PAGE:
As for the faux-concern of “But these are all problems of our government and society, Yale can’t wave a magic wand”: in what way, exactly, do you imagine that serious social problems get sorted out, except by the people whom they affect organizing themselves, speaking with one voice, and making use of every institutional lever of power they can? How do you think any crisis, ever, has been solved, except this way? The Important People just go in a room and do it for us? That’s worked out well so far. What you’re saying is that because there is no one single immediate solution to the crisis of higher education, no effort at all should be made. That’s pretty damn cynical, even for someone who’s peddling management falsehoods left and right.

        • carp800

          Your comment on taxes is non-responsive. The concern is that once grad
          students become employees their entire stipend would become earned
          income–not simply the years currently classified as income for teaching
          duties–and thus incur a greater tax liability than at present.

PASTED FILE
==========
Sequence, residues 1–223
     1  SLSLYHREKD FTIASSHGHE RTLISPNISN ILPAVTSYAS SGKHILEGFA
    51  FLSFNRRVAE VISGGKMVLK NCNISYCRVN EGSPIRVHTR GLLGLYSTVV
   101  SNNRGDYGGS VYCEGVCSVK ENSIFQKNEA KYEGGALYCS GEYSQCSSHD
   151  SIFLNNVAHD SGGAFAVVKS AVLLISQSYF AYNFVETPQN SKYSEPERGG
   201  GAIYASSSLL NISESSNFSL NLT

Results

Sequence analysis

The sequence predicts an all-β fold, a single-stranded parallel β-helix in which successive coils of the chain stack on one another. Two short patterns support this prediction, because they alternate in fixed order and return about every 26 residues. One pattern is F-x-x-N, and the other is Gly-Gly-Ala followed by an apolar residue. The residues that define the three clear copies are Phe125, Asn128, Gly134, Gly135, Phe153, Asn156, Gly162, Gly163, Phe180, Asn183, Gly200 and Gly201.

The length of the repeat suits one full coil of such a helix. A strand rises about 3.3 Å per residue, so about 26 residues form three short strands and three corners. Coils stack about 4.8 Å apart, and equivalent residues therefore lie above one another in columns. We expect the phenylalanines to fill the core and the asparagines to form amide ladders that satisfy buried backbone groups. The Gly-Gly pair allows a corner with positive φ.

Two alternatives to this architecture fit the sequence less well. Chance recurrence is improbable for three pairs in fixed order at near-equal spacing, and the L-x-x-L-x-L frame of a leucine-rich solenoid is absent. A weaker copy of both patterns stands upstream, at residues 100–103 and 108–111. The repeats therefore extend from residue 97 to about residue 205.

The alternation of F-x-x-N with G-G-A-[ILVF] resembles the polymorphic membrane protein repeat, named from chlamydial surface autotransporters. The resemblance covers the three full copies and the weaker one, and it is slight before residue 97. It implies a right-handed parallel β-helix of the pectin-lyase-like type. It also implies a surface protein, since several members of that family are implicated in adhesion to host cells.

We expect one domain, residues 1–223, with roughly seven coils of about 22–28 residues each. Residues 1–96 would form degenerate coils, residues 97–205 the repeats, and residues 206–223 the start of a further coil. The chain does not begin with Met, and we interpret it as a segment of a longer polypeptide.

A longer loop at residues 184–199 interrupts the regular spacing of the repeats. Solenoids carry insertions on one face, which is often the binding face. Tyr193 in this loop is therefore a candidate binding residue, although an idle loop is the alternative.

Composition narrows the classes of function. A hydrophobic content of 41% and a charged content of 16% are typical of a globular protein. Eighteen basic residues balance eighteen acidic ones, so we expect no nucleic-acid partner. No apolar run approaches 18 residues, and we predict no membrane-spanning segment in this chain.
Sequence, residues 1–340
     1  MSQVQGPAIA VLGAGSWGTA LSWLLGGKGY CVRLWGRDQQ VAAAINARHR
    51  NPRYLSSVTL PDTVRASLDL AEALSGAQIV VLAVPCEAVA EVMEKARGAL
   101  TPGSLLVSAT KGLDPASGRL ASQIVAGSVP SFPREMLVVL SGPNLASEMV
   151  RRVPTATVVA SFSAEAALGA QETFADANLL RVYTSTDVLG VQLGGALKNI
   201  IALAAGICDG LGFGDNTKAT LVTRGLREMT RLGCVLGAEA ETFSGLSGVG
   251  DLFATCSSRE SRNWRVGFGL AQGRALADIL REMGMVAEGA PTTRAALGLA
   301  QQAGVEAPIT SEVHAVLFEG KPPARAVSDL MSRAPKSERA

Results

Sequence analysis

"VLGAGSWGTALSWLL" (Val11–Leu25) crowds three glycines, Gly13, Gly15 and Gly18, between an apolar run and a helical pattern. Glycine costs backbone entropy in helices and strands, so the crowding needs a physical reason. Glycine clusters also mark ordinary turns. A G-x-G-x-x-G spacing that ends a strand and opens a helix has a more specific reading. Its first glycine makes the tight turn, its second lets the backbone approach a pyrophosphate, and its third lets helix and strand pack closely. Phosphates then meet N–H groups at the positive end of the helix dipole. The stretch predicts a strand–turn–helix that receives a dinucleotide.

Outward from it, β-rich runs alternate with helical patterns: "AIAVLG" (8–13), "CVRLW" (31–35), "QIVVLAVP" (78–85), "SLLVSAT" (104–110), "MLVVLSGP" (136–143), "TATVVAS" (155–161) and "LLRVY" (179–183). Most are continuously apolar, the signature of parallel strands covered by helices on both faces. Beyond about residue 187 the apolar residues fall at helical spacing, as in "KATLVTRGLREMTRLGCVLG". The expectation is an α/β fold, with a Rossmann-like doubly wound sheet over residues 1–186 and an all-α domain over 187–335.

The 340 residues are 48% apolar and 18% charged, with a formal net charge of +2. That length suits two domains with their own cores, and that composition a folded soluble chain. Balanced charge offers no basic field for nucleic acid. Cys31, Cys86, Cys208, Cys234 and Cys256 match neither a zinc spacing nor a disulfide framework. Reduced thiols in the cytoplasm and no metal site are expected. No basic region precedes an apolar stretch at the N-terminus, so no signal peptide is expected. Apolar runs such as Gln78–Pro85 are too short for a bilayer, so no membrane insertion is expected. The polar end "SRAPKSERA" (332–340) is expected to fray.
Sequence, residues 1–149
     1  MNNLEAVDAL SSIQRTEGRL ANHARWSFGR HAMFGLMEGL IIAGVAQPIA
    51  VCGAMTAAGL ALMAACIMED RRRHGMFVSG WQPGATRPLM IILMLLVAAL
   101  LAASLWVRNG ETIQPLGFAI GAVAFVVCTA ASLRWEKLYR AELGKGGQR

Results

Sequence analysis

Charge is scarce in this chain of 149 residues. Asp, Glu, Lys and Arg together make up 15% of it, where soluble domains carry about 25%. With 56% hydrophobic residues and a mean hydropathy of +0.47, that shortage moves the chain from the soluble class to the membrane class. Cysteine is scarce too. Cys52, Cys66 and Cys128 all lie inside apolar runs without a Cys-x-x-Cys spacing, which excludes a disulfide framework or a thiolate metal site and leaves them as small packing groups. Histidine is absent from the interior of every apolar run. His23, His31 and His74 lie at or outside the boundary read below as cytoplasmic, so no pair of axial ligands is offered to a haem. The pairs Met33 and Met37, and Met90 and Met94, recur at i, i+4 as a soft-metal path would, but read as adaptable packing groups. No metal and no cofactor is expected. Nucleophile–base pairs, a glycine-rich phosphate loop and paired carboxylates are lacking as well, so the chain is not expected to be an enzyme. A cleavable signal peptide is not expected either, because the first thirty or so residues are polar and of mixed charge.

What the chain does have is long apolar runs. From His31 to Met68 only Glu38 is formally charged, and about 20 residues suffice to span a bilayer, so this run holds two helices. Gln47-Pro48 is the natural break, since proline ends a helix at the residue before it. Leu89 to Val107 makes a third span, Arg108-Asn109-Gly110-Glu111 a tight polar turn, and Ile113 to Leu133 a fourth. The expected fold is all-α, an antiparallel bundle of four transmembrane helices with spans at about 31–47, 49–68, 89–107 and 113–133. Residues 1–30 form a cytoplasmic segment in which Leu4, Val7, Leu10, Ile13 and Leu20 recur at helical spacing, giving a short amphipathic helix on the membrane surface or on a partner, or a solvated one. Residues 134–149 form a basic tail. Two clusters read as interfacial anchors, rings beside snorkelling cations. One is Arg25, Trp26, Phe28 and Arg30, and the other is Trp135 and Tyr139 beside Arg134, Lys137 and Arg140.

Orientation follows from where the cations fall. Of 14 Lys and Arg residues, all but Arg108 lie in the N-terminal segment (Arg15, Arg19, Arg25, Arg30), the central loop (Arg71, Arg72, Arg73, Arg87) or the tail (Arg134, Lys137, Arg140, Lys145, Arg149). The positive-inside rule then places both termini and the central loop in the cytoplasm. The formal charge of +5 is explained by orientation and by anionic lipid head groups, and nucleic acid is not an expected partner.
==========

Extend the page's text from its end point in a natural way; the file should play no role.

Logically, this seems quite reasonable: employees earn (taxable)
          salaries, grad students receive (non-taxable) stipends. It cannot be “a
          classic” scare-tactic that is “simply untrue” since, as the article you
          link to points out, the legal issue is novel and no one knows how the
          IRS will respond.

          • anothergradstudent

            Graduate student stipends are already subject to income taxes in non-teaching years. Since Yale doesn’t report income unless it comes from a teaching or research assistantship, you are expected to voluntarily report your income to the IRS. From the IRS page you link to: “You must include in gross income amounts used for incidental expenses, such as room and board, travel, and optional equipment, and generally, amounts received as payments for teaching, research, or other services required as a condition for receiving the scholarship or fellowship grant.”